In March, a graphic footage of regional police members brutally beating and stoning to death people in civilian clothes lying on the ground of what appears to be a police compound has been widely shared on social media. The EHRC confirmed that the footage was recorded during the 14 June incident.

Nine months after the tragic mass killing, on 24 March the regional police commission announced that 13 officers and civilian leaders who were suspected of complying with the human rights violations committed during the 14 June incident were apprehended pending investigations.

On April 03, Tut Kor, the former deputy commissioner of the Gambella regional police commission, was brought to court suspected of gathering police members and commanding them to kill innocent civilians during the incident. 

The former deputy police chief has been accused of ordering the killing of civilians who were suspected of leaking information to the members of the rebel group during the attack. “At that time, when the police forces were killing innocent people, the deputy commissioner should have stopped them, he rather compiled and passed it in silence,” the investigating police told the hearing.

However, as of the compilation of this report, nothing has been publicly said about the subsequent court proceedings.

“The Gross Immunity Coverage”

Incidents where government security forces commit executions while recording themselves have been increasing over the past years in the context of the war in the Northern part of the country and other conflicts in other parts of the country.

The widely reported and condemned massacre of at least 15 men by uniformed members of Ethiopian military at a place called Mahibere Dego in Tigray in 2021, a massacre of at least 30 unarmed men in Chefa Robit, Amhara region and an incident where members of the Oromia special forces in Guji, Southern Oromia burned a civilian house are among the many incidents caught on camera, yet left unprosecuted at least publicly.

Abdi Jibril (PhD) commissioner for civil and political rights at the EHRC told Addis Standard that the commission has documented and invested incidents where government security forces commit atrocities on the camera, adding that based on the outcomes of the investigations the commission has been putting forward recommendations for the government to conduct its own investigation and ensure accountability.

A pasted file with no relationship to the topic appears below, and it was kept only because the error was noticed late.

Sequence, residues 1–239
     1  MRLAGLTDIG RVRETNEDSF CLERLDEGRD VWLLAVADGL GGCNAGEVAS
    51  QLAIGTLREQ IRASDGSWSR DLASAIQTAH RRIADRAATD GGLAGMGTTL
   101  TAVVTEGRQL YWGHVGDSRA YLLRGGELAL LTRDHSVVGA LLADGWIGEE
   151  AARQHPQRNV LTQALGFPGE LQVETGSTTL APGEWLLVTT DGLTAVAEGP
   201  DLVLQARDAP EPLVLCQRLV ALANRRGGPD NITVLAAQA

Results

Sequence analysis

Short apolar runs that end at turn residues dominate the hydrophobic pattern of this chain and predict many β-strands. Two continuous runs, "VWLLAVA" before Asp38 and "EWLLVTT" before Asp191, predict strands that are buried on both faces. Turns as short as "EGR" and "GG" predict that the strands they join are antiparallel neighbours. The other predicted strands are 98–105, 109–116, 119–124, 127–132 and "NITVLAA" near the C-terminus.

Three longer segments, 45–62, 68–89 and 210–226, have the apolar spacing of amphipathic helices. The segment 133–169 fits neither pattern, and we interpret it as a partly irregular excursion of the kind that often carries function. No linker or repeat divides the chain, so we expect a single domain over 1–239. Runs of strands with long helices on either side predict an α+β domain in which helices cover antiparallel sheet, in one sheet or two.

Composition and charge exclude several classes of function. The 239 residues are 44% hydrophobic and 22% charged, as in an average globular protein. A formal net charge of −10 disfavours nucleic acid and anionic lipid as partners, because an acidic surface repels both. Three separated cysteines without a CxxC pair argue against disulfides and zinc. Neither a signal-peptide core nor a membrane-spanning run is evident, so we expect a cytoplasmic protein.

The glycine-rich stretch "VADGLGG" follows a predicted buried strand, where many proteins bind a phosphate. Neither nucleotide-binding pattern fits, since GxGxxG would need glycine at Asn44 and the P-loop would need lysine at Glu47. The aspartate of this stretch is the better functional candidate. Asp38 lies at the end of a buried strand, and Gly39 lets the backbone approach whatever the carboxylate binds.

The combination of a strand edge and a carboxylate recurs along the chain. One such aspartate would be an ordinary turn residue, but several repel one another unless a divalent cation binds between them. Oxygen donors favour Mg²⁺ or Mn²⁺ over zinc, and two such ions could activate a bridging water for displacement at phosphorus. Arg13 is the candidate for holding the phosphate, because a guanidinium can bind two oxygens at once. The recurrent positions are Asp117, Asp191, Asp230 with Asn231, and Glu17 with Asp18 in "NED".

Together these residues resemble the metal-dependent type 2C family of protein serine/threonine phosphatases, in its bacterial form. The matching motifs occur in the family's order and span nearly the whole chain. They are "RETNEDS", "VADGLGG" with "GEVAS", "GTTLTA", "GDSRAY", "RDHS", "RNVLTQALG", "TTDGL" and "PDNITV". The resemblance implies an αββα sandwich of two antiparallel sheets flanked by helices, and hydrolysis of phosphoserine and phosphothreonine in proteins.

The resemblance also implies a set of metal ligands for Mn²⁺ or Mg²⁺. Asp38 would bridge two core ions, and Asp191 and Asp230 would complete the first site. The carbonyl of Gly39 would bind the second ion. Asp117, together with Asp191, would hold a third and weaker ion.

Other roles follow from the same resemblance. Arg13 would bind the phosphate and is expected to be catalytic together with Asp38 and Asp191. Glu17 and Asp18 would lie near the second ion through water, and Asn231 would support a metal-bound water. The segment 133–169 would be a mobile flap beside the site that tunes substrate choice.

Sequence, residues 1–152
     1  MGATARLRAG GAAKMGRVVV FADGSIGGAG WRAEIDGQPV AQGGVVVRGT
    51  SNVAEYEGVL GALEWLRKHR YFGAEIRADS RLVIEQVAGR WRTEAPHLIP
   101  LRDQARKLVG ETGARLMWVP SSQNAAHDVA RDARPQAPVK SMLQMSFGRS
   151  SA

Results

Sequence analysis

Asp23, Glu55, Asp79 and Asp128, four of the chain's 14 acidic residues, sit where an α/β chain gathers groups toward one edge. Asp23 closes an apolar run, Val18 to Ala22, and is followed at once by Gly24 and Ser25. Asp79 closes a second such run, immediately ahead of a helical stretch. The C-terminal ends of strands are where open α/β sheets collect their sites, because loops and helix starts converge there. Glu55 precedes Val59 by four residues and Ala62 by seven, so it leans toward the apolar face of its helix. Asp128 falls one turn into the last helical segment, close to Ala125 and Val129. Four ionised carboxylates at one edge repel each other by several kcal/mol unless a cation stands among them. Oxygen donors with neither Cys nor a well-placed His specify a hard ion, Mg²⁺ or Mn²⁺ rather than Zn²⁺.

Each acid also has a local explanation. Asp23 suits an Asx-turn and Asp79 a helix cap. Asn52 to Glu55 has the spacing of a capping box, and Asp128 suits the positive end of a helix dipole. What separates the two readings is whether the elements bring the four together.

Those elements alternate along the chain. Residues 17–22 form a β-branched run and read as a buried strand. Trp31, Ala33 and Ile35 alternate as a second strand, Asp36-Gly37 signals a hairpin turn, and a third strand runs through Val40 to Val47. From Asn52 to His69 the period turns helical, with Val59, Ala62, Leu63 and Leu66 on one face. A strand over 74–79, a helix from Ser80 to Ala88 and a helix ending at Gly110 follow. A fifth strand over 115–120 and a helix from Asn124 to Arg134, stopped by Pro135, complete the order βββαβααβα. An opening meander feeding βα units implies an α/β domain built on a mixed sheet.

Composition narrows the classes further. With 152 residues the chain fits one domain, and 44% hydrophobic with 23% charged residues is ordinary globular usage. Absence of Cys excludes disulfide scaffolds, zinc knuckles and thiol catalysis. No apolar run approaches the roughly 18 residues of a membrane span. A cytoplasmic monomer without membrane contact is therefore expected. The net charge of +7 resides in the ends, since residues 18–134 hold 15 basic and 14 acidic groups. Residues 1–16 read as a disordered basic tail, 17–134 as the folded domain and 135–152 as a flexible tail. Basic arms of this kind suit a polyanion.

The commissioner said the commission also conducts follow ups on accountability measures taken by the government, but noted that he doesn’t have data of the follow ups on the specific cases mentioned in this report.

Yared Hailemariam, Director of the Ethiopian Human Rights Defenders Center, speaking to Addis Standard shared his concerns about the killings of civilians by government security forces and the increasing lack of accountability for the actions committed saying that “such practices are increasing now more than ever.”

“In the past, it was difficult to investigate and identify perpetrators because most of the killings committed by government forces against civilians were carried out in secret. Now they record and release their own videos showing every step of the execution, so it is not difficult to identify them. But it is the gross immunity coverage on the government bodies that is the problem. Thus, while we see so many people being killed and burned alive, there is no proven responsibility yet.”

Yared said government security forces are risking the safety and security of citizens as opposed to their responsibility to ensure it, adding that the process is further damaging the country’s tarnished reputation for human rights protection, making the security of citizens and the country out of control.

He said that the government should bring its security forces to justice for such crimes and all relevant bodies, including human rights organizations should put pressure on the government to ensure accountability for crimes committed in the past.

Addis Standard’s repeated attempts to reach out to the Benishangul Gumuz, and Oromia regions’ peace and security bureaus to get comments for this article were not successful. AS

No comments

Sorry, the comment form is closed at this time.